How Does the Lord’s Supper … Work? Reclaiming the Beauty of the “Ordinance”

This presentation considers the benefits of the Lord’s Supper for a believer and proposes a paradigm for better understanding and promoting those benefits.

It does so by situating two paradigms of influence—external and internal. The first paradigm, the Roman Catholic paradigm of ex opere operato, emphasizes the efficacious nature of the external elements upon the partaker, identifying the elements as instrumental causes of grace. The presentation traces ex opera operato from the Donatist Controversy and Augustine through the Council of Trent. Protestants argued against this view (e.g., Westminster Confession, Ch 27, Art. 3; and Article 26 of the Church of England’s Thirty-Nine Articles). Some insisted on a second paradigm, that internal faith and cognition were needed prerequisites to receive the benefits of the Supper, which were primarily a greater comprehension of salvation. But this insistence opened the Protestants (especially evangelicals) to the criticism that emphasizing the individual’s faith rendered the Lord’s Supper too subjective.

These two positions—belief that the benefits of the Lord’s Supper either came externally through the elements, or they were formed internally through an individual’s comprehension—form two competing camps. While few held to these extremes, navigating the treacherous terrain between leaves evangelicals more comfortable via negativa—explaining what’s not happening at the table rather than what actually happens.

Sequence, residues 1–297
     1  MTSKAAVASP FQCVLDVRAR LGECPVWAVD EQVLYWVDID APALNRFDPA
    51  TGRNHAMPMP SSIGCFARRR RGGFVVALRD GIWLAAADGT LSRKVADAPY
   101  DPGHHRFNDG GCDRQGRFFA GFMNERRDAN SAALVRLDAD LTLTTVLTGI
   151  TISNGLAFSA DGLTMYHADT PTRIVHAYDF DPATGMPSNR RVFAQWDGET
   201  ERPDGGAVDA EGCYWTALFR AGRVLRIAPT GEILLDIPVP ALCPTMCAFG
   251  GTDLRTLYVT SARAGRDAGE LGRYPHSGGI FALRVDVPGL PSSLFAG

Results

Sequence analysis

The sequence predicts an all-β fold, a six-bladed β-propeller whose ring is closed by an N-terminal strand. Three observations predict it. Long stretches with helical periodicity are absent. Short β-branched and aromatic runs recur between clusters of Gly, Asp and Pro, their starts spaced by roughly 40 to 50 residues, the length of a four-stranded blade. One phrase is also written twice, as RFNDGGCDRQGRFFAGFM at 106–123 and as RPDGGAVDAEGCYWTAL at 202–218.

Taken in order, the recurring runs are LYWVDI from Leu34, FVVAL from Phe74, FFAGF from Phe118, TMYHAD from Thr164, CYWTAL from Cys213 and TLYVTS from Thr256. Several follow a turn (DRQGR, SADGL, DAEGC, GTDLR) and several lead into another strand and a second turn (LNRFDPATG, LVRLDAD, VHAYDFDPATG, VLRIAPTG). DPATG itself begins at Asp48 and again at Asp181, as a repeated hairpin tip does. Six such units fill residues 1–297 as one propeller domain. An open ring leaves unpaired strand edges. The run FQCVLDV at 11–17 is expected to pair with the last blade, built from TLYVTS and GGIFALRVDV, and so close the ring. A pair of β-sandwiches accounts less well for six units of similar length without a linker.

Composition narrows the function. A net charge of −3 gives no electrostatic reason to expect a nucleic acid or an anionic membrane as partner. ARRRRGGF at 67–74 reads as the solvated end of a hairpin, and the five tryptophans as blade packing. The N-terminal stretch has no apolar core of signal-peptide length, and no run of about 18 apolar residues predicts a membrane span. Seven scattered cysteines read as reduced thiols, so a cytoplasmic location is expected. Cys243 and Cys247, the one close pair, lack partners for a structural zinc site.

This treacherous navigation has been exacerbated by an escalation of “sacramental” language. As western culture skews increasingly toward materialistic naturalism, what Charles Taylor calls an “imminent frame,” the pull to “re-enchant” the world has increasingly used sacramental language. While this strategy may help a secular world recognize the transcendent, it muddles rather than clarifies the liturgical work of Christians at church.

This paper proposes a robust, low-church map to this topography drawing from the paradigm of “ordinance.” Exploring insights from Peter Leithart, Michael Horton, D. C. Schindler, Hans-Georg Gadamer, Roger Scruton, and Socrates’s conversation with Euthyphro, the paper considers the effects of the Lord’s Supper with the paradigms of beauty, symbol, and authority. It concludes, via media, that the Lord’s Supper (and Baptism) benefit the believer neither through coercive eternal powers, nor autonomous internal consent, but instead through the Spirit’s work to provide aesthetic agreement with Christ’s authority—both true mark and cause of growing Christian faith and discipleship.